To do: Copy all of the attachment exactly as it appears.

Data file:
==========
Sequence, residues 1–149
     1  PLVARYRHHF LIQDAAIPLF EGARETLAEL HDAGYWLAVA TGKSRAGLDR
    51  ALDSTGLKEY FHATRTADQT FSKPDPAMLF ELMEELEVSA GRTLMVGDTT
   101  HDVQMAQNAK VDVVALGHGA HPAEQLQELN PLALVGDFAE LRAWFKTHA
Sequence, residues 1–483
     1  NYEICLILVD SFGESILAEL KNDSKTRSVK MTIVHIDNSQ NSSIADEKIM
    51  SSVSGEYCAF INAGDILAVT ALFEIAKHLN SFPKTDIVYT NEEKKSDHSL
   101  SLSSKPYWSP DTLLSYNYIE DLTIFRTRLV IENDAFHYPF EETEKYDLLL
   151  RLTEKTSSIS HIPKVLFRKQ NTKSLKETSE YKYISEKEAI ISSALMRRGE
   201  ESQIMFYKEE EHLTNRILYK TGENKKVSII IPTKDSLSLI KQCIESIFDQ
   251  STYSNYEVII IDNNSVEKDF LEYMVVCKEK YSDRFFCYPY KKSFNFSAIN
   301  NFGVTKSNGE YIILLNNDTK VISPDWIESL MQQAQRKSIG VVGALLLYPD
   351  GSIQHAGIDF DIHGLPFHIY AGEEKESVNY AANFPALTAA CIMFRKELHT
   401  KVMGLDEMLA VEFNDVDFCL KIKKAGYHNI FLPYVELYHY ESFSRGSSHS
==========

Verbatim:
Sequence, residues 1–149
     1  PLVARYRHHF LIQDAAIPLF EGARETLAEL HDAGYWLAVA TGKSRAGLDR
    51  ALDSTGLKEY FHATRTADQT FSKPDPAMLF ELMEELEVSA GRTLMVGDTT
   101  HDVQMAQNAK VDVVALGHGA HPAEQLQELN PLALVGDFAE LRAWFKTHA
Sequence, residues 1–483
     1  NYEICLILVD SFGESILAEL KNDSKTRSVK MTIVHIDNSQ NSSIADEKIM
    51  SSVSGEYCAF INAGDILAVT ALFEIAKHLN SFPKTDIVYT NEEKKSDHSL
   101  SLSSKPYWSP DTLLSYNYIE DLTIFRTRLV IENDAFHYPF EETEKYDLLL
   151  RLTEKTSSIS HIPKVLFRKQ NTKSLKETSE YKYISEKEAI ISSALMRRGE
   201  ESQIMFYKEE EHLTNRILYK TGENKKVSII IPTKDSLSLI KQCIESIFDQ
   251  STYSNYEVII IDNNSVEKDF LEYMVVCKEK YSDRFFCYPY KKSFNFSAIN
   301  NFGVTKSNGE YIILLNNDTK VISPDWIESL MQQAQRKSIG VVGALLLYPD
   351  GSIQHAGIDF DIHGLPFHIY AGEEKESVNY AANFPALTAA CIMFRKELHT
   401  KVMGLDEMLA VEFNDVDFCL KIKKAGYHNI FLPYVELYHY ESFSRGSSHS